Blessed with the ability to listen to a show's score and memorize much of its music, Herman was often able to return home from a Broadway show, sit down at the piano, and play some of its songs from memory. Although he first enrolled at Parsons The New School of Design (and continues designing apartments and homes to this day), he transferred to the University of Miami which, at the time, was noted for its theatre department.

His songwriting led to four Broadway hits (Milk and HoneyHello, Dolly!Mame, and La Cage aux Folles). Among his less successful works were such tune-filled shows as Dear WorldMack & Mabel, and The Grand Tour.

Popular reviews based on his catalog of songs have included Jerry's Girls and An Evening With Jerry Herman. Angela Lansbury (who starred on Broadway in Mame and Dear World) starred in his television musical, Mrs. Santa Claus. A studio album of his songs for a proposed Las Vegas show entitled Miss Spectacular is available on CD.

Herman was inducted into the Songwriters Hall of Fame in 1981 and the American Theatre Hall of Fame in 1986. The newly-remodeled performance space at his alma mater is named the Jerry Herman Ring Theatre. However, few Broadway lyricists can rival Herman's unbridled sense of optimism.

While Herman has had many hit songs from his own shows, in 1964 (at the request of composer Mark Sandrich, Jr.) he contributed two songs to Ben Franklin in Paris during its difficult out-of-town tryout. His lyrics for "To Be Alone With You" (which is sung while Ben Franklin and Madame La Comtesse Diane de Vobrillac are soaring above Paris in a hot air balloon) are, to me, the essence of a Jerry Herman song:
"I'd sail the skies,
Off to the farthest little star, I'd go;
Sail the skies and watch the people disappear below.
I'd gladly give up every earthly thing I know,
To be alone with you,
To be alone with you.

I'd roam the earth and every corner of the seven seas;
I'd let the raging oceans take me where they please,
To be alone with you.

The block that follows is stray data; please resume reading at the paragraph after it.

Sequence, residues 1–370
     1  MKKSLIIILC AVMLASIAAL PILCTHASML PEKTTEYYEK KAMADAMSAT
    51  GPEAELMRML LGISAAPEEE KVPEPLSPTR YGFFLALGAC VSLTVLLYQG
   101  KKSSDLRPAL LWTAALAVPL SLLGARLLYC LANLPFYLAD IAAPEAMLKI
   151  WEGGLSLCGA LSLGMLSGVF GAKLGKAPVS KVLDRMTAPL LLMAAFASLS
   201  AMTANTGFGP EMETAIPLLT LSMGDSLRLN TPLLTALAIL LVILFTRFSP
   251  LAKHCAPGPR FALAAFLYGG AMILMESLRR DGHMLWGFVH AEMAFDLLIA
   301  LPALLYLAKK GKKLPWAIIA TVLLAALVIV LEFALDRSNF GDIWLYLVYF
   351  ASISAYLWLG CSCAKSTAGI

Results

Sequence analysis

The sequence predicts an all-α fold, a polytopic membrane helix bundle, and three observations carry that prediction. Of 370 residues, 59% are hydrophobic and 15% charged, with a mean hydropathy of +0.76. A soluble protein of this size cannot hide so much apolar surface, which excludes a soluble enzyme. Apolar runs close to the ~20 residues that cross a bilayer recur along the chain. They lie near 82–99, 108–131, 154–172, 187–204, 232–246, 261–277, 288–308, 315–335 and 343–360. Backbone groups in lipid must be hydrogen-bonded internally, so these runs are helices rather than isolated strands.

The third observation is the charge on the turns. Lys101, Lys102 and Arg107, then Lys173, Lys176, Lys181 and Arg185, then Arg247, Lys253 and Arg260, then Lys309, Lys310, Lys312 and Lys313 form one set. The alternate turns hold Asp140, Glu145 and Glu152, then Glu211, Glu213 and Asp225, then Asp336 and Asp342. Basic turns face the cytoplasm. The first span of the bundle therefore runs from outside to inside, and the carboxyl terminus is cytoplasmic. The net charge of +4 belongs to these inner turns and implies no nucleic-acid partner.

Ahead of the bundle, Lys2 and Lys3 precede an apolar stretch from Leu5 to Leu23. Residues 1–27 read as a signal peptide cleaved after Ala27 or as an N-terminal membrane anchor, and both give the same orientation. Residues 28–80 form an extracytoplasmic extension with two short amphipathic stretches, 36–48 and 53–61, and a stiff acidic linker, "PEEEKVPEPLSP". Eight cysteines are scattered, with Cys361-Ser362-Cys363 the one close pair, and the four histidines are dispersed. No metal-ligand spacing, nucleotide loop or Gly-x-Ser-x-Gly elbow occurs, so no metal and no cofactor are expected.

To hold your hand in mine,
With nobody there beside us;
To hold your hand in mine,
There's nothing I wouldn't do.

But if someday,
To have to share you with the world I must,
If someday I find each plan of mine has turned to dust;
Then while you're here,
All that I want in all this world is just
To be alone with you."
Kennedy Center honoree Jerry Herman

Under the artistic leadership of Greg MacKellan, 42nd Street Moon recently embarked on a series of musical salons dedicated to Broadway's great lyricists.  Having already presented programs honoring Cole Porter, Jerome Kern, John Kander, Dorothy Fields, and Ira Gershwin, the company began 2012 with a tribute to Jerry Herman featuring guest stars Jason Graae and Faith Prince (who have known each other since they were students at the Cincinnati Conservatory of Music).

Both artists have worked directly with Jerry Herman. Graae (whom the composer chose as the star of  a West Coast revival of The Grand Tour) often likes to joke that "my career peaked in Burbank." But Graae also knows how to "sell" a song and gave a powerhouse rendition of "I Am What I Am" from La Cage aux Folles.

Prince gave a beautiful delivery of "Where In The World Is My Prince?" (a deliciously comic number from the Miss Spectacular album) and the two old friends joined forces to sing a personalized version of "Bosom Buddies" from Mame.

Jason Graae, Greg MacKellan, and Faith Prince

One would think it would be hard to dampen a tribute to Jerry Herman (whose song catalog provides solid evidence of a prodigious talent and a prolific songwriter). Yet several technical problems undermined the effectiveness of the evening.

Debbie de Coudreaux and Sharon Rietkerk delivered many of Herman's ballads with warmth and tenderness. However, there were obvious problems with the show's lighting and sound.

The male members of the supporting cast were surprisingly ill-prepared and ran into a curious obstacle. Unlike the scores of most Broadway shows from the 1920s through 1950s, Jerry Herman's songs are well known to the 42nd Street Moon audience (some of his biggest hits became popularized on the radio in the 1960s).

When Kelly Sanchez (an extremely likable young performer) found himself center stage trying to riff his way through a jazzed-up version of the title song from Mame while struggling to read the lyrics off a piece of paper, I couldn't help thinking "This audience deserves better."

The good news is that Jason Graae and Faith Prince will be returning to town in two months to appear in "The Prince and the Showboy"  at The Rrazz Room from March 25-27 (click here to order tickets). In the meantime, here's the video from the night Jerry Herman was inducted as a Kennedy Center honoree.